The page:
The South Carolina Republican presidential primary has developed an unfortunate reputation for dirty tricks and ugly smear campaigns. The legend, alas, continues.
Twelve years ago, John McCain, fresh off a big win in New Hampshire, ran into some scurrilous attacks in the Palmetto State, where George W. Bush supporters accused McCain of having gone crazy during his imprisonment in Vietnam, McCain’s wife of being a drug addict, and McCain’s adopted daughter from Bangladesh of being a black child McCain had fathered out of wedlock. Bush won by about 11 points.
Yesterday, it was Newt Gingrich who was targeted with a smear campaign in South Carolina, the day before the primary.
Two separate e-mails sent to Republicans here claimed that Mr. Gingrich, a former House speaker, had pressured his second wife, Marianne, to terminate a pregnancy.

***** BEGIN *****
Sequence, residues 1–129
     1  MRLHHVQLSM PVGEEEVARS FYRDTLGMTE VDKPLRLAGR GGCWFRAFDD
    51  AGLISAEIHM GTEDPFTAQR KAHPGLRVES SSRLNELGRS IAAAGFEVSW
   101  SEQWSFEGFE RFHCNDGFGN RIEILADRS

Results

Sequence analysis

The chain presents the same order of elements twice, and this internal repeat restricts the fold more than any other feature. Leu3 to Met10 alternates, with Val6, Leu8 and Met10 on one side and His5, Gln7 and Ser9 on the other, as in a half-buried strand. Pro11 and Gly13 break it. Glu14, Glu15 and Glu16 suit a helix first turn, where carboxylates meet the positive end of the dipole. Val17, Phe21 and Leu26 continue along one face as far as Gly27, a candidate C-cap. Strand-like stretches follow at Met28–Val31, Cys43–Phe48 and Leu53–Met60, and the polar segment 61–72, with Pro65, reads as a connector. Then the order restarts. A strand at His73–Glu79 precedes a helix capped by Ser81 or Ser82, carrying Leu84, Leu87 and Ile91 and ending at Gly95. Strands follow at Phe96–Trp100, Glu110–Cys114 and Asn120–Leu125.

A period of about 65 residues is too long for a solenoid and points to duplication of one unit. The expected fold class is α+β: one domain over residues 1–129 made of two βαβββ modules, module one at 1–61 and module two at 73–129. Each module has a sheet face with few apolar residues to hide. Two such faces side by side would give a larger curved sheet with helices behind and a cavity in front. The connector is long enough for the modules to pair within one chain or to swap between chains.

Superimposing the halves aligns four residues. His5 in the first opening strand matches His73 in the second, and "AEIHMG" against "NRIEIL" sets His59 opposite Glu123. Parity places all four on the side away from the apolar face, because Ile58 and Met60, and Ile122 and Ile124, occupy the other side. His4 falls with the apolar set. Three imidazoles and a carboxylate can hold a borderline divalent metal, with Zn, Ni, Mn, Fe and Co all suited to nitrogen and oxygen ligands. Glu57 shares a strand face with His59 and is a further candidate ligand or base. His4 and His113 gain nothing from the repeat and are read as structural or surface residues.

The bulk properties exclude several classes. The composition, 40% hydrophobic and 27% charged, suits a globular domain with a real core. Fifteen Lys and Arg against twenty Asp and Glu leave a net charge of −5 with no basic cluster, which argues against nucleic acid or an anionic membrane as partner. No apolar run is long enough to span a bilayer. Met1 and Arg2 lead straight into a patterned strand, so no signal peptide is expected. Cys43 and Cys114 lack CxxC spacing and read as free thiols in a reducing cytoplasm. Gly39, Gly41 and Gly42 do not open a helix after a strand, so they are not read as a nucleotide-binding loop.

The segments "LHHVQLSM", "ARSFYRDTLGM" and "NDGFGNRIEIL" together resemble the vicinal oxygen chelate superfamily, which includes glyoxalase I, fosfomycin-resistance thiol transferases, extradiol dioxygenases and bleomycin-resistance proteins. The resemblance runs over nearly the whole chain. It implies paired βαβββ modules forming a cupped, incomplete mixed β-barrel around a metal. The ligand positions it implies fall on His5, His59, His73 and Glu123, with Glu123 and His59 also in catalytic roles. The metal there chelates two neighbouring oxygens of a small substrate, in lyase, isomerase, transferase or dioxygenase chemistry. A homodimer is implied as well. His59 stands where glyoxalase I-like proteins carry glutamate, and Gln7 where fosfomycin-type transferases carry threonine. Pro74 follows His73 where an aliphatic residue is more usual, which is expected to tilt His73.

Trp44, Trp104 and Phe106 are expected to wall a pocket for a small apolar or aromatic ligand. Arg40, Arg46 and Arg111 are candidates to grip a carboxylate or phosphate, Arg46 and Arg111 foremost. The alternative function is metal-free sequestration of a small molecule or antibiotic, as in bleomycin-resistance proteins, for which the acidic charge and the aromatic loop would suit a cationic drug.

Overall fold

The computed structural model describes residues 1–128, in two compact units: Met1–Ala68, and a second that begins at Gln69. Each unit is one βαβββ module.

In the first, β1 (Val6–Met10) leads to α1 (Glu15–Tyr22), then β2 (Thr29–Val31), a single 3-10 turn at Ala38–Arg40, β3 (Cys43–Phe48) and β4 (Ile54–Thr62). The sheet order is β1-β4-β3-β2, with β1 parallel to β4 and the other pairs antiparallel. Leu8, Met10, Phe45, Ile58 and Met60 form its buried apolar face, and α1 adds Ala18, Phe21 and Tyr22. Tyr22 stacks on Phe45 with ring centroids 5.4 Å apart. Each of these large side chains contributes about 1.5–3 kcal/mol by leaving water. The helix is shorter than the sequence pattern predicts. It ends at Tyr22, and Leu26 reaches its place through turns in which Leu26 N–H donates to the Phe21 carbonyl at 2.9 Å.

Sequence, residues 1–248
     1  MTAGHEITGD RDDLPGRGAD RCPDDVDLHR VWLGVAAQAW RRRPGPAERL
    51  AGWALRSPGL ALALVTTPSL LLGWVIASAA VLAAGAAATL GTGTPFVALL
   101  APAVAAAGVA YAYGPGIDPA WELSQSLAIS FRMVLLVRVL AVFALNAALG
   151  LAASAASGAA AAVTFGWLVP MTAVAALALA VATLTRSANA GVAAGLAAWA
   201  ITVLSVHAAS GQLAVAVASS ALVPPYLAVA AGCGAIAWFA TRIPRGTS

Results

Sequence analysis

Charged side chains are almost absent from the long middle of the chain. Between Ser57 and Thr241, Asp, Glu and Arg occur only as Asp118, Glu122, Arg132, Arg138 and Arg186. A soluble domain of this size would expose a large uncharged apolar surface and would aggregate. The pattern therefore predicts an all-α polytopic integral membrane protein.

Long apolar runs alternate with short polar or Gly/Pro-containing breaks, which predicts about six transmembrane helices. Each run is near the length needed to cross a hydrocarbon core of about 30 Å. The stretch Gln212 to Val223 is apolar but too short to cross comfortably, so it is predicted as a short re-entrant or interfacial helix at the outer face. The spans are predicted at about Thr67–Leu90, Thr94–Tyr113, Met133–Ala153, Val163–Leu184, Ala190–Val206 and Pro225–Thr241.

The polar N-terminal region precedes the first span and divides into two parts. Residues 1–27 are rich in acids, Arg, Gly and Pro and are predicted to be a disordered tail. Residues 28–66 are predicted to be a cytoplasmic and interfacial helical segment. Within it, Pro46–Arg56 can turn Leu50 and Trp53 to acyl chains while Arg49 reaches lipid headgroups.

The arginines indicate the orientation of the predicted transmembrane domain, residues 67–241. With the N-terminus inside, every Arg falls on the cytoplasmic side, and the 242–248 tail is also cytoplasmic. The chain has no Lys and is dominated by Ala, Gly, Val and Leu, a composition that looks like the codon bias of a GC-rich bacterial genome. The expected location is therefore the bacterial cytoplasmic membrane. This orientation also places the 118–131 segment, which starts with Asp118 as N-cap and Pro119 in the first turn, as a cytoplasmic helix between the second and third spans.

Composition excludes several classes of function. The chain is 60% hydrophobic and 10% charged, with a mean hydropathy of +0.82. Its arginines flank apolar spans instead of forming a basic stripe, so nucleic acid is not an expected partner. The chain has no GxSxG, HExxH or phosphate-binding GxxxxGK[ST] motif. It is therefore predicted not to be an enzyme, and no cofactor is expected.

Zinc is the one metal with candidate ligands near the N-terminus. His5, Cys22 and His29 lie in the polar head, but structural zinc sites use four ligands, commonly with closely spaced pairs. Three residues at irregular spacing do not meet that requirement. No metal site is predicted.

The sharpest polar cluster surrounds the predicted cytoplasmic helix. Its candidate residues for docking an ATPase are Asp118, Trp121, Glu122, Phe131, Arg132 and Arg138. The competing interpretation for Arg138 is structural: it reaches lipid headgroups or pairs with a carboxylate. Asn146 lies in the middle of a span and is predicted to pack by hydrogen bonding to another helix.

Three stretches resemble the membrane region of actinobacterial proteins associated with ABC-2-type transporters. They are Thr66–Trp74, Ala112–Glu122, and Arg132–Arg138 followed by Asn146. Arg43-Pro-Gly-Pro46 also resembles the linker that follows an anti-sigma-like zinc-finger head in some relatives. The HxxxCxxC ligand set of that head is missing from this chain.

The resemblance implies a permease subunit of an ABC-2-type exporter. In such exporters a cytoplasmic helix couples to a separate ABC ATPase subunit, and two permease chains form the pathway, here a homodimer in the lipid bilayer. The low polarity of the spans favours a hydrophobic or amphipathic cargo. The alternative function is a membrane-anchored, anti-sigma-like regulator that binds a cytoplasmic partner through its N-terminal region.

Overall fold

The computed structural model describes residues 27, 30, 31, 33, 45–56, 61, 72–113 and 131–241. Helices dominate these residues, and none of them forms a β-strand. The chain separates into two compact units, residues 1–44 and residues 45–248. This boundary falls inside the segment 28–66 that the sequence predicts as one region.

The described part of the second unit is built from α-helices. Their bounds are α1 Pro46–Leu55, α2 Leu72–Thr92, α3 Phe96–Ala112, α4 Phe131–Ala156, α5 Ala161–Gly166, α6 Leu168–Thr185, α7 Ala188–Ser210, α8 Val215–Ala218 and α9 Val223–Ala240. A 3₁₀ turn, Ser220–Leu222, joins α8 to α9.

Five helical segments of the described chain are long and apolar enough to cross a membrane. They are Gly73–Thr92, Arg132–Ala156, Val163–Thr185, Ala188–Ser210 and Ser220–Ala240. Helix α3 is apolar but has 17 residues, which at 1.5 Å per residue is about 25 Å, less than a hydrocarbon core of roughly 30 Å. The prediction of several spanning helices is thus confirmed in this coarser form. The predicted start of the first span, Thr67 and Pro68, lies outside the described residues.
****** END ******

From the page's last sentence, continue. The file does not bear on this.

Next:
One of the e-mails purported to come from Mr. Gingrich’s own campaign press office and contained a fabricated quote from the speaker admitting the allegations.
Disguised as a press release, the message carried the headline: “Newt Gingrich Responds to Abortion Allegations.” … Another e-mail that went to South Carolina Republicans on Friday was made to look like a CNN breaking-news alert. It also made the claim that Mr. Gingrich had pushed his wife into terminating her pregnancy.
The allegations are false, but the fact that they were made at all — the day before voting began, when there’s less time to respond to the lies — suggests some relatively influential party insiders are worried about a predicted Gingrich victory.